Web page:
Science fiction author Isaac Asimov once said “Science can amuse and fascinate us all, but it is engineering that changes the world.” Asimov and inventors like Henry Ford are inspirations for Lars Axberg, a mechanical engineering sophomore who recently received the Department of Defense (DoD) Science, Mathematics and Research for Transformation (SMART) scholarship.
Originally a chemistry major studying to become a pharmacist, Axberg changed direction after taking EGMN215, an engineering visualization design course.
“It gave me an idea of what it would be like to work on real life projects,” Axberg said, who enjoys driving and studying the mechanics of offroad vehicles in his spare time. EGMN215 prompted him to find similar projects, so Axberg joined the VCU chapters of the American Society of Mechanical Engineers (ASME) and the Formula Society of Automotive Engineers (FSAE).
With VCU FSAE, Axberg learned the value of teamwork and collaboration, working with others to optimize the knuckle design of their Formula vehicle. This system is the pivot point of the steering column and allows the wheels to turn. A team brainstorm session yielded many solutions for the knuckle design and Axberg helped merge those various ideas into a final product.
His academic performance and extracurricular experiences made Axberg a prime candidate to receive the DoD SMART scholarship. This distinguished award is presented to a select group of students who set themselves apart from their peers. In addition to his work with VCU FSAE, Axberg participated in the Innovative Additive Manufacturing 3D challenge with ASME, conducting research and developing ideas to re-engineer existing products and create new designs. Axberg was also part of a EGMN215 team that modeled a medieval trebuchet capable of launching a 50kg projectile 100 yards using CAD, MATLAB and Excel concepts.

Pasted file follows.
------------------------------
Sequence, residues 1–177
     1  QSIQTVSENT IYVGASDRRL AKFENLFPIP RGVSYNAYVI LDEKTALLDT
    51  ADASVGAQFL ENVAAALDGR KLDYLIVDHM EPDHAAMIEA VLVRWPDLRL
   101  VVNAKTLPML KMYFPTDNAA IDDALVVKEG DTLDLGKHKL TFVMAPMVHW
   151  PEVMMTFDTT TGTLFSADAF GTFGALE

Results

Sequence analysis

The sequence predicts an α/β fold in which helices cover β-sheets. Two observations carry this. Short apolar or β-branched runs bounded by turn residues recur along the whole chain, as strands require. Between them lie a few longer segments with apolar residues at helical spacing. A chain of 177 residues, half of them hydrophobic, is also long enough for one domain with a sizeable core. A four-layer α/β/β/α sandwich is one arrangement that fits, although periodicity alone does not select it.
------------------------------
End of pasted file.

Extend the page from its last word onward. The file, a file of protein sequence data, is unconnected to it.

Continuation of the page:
As a DoD SMART Scholar, Axberg will receive full tuition to VCU for the rest of his undergraduate career, an annual stipend, summer internship and guaranteed employment after graduation. Upon completing his degree at VCU, Axberg will work on the most complex challenges at the Missile Defense Agency in Dahlgren, Virginia. “I want to continue to improve my skills while continuing to make many positive connections with people in the workforce,” Axberg said. “I have a fond interest in designing mechanical systems, whether complex or simple, that make processes easier and more efficient.”
Axberg credits Charles Cartin, Ph.D. and Manika Avasthi with his success at VCU. “Through Dr. Cartin’s class I learned the basics of design and programming, and these are skills I really value. However, I would not be able to properly communicate these skills to employers without the help from Ms. Avasthi,” Axberg said. He also credits VCU coursework and clubs for helping him find his true passion in machine design and develop skills in communication and teamwork that will benefit him after graduation.